USITC to Continue Investigations on Imports of Hot-Rolled Steel Products
The U.S. International Trade Commission will continue the investigation into imports of hot rolled steel products from seven countries.
The commission determined that there is a reasonable indication that a U.S. industry is materially injured by reason of imports of certain hot-rolled steel products from Australia, Brazil, Japan, Korea, the Netherlands, Turkey, and the United Kingdom that are allegedly sold in the United States at less than fair value. The commission made the same determination with regard to the allegation of government subsidies by Brazil, Korea, and Turkey.
Hot-rolled steel is flat-rolled steel sheet that is primarily used in appliances, automotive products, heavy machinery, machine parts, nonresidential construction and transportation equipment. A substantial portion of hot-rolled steel produced in the United States is also used for processing into cold-rolled and/or galvanized or plated steel products, cut-to-length plate, or welded pipe.
As a result of the commission’s determinations, the U.S. Department of Commerce will continue to conduct its investigations.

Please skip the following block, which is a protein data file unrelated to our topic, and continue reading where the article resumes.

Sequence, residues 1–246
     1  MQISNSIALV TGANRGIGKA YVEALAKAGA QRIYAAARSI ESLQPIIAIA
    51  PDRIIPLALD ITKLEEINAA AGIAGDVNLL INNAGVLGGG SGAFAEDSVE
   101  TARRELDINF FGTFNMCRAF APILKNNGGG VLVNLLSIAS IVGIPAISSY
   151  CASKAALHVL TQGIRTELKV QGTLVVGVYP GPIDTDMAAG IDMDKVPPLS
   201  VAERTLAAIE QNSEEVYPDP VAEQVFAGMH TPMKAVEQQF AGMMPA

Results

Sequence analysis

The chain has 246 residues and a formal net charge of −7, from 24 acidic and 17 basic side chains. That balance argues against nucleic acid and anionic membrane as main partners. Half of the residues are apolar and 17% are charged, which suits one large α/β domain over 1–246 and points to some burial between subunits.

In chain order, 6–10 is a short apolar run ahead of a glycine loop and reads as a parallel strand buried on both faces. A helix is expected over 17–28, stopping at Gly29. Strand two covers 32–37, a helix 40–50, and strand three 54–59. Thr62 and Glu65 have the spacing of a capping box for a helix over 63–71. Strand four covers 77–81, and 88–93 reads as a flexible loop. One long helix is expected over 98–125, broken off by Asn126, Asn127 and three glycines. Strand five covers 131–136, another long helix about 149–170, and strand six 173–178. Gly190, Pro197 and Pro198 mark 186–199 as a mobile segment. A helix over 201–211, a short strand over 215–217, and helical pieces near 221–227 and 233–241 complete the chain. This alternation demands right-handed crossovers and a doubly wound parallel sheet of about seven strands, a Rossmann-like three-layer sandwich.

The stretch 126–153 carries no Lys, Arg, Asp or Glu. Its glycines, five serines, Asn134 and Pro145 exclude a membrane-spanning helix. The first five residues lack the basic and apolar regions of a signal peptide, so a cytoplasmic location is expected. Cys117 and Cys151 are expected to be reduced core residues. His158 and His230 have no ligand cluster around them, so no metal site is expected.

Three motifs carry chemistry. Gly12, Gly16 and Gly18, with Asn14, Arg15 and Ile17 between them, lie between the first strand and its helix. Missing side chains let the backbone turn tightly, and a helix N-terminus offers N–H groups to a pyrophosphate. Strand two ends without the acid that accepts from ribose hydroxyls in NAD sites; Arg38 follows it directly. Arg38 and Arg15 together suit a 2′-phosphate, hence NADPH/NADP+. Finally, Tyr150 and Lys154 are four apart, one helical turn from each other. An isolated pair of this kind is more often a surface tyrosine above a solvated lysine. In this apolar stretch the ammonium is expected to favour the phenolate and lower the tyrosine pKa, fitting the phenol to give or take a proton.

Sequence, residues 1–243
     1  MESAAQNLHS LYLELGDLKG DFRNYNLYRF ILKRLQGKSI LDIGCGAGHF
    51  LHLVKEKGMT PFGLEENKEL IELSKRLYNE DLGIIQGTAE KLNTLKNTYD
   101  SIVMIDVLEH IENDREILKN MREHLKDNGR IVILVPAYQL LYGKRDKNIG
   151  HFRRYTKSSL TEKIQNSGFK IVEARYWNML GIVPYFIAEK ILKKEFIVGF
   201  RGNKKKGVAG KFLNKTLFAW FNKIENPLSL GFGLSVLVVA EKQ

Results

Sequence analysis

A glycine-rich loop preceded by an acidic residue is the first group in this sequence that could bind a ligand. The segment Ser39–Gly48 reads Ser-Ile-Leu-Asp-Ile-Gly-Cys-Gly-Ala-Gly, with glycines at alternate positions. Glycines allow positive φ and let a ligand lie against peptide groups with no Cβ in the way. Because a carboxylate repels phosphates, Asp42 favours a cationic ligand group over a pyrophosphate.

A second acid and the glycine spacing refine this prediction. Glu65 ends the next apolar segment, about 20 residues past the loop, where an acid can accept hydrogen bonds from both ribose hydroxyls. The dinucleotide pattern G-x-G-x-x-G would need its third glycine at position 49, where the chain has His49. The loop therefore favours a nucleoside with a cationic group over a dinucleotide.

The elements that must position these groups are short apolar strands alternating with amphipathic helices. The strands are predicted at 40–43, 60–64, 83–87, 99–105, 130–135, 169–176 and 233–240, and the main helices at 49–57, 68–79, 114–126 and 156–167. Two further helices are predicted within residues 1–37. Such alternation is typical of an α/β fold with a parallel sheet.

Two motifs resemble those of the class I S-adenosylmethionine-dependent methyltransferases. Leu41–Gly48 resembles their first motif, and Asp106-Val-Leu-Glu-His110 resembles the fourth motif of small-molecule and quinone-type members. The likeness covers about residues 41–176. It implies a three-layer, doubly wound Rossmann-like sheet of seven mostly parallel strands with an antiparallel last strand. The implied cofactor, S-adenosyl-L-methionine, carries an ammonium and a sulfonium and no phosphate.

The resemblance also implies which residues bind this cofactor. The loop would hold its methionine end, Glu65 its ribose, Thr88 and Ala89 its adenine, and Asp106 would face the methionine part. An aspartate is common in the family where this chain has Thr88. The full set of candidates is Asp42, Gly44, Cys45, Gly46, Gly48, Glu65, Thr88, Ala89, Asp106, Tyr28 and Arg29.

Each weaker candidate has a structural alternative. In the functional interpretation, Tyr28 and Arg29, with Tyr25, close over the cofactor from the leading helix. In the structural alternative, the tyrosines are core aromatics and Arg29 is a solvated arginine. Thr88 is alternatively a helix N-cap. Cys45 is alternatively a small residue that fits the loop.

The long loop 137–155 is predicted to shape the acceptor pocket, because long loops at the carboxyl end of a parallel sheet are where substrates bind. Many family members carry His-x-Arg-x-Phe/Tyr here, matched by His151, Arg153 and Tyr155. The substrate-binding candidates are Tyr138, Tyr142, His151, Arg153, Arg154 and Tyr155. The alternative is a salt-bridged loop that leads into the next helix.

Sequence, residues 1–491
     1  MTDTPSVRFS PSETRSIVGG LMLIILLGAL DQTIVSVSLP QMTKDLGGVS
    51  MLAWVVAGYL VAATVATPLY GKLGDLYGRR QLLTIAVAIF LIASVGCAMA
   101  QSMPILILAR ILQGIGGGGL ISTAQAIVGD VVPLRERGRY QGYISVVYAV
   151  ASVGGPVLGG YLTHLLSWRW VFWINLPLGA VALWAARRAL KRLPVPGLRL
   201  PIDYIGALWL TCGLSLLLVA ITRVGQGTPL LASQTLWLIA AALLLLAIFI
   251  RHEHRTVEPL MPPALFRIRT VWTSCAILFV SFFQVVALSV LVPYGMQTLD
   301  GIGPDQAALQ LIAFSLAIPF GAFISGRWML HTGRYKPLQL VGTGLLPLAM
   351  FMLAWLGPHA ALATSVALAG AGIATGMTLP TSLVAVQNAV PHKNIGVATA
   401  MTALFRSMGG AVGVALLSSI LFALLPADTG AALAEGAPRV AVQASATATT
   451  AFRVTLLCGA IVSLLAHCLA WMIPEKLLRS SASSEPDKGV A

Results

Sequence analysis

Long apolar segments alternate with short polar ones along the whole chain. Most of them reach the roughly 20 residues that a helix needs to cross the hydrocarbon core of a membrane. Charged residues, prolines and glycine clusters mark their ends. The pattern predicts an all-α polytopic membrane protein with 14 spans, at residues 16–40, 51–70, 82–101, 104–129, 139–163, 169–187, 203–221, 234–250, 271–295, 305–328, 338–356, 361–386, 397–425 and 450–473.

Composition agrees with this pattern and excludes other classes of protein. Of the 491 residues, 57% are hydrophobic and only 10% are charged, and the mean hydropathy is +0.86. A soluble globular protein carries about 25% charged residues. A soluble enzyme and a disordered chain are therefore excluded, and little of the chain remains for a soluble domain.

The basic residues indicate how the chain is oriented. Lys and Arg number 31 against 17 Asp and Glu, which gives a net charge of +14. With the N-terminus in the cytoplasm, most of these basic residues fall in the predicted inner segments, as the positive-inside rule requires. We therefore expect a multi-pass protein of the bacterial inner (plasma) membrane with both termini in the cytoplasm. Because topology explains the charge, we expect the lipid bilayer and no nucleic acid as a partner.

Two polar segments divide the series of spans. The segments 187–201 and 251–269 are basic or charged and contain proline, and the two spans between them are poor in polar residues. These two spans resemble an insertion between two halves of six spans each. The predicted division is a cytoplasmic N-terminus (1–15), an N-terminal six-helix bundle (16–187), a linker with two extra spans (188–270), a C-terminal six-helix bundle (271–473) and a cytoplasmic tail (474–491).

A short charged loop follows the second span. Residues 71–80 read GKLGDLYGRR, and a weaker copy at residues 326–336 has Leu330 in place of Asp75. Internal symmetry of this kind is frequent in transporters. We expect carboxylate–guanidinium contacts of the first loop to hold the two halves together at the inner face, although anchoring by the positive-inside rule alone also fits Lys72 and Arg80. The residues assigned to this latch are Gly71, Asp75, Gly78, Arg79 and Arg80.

“We are pleased that the ITC has made a preliminary ruling against dumped and subsidized imports of hot-rolled steel,” said James L. Wainscott, chairman and president and CEO of AK Steel. “This ruling is an important step in the process to fight unfairly traded imports of hot-rolled steel.”
AK Steel who was among the steel manufacturers in the original complaint to the ITC and Department of Commerce.
AK Steel and other domestic steel producers filed petitions with the ITC and the United States Department of Commerce on August 11, 2015, charging that unfairly traded imports of hot-rolled steel from Australia, Brazil, Japan, the Netherlands, South Korea, Turkey, and the United Kingdom were causing material injury to the domestic industry. Anti-dumping cases were filed against all seven countries. Countervailing duty cases were filed against Brazil, South Korea, and Turkey. The cases now move to the Commerce Department for determinations as to whether foreign producers are violating U.S. anti-dumping law by selling their products at less than fair value in the United States and violating U.S. law by selling merchandise that benefits from unfair government subsidies.
The Commerce Department will calculate dumping margins, which are designed to offset the amount by which the product is sold at less than fair value, and subsidy rates, which are designed to offset the amount by which the product benefits from unfair government subsidies.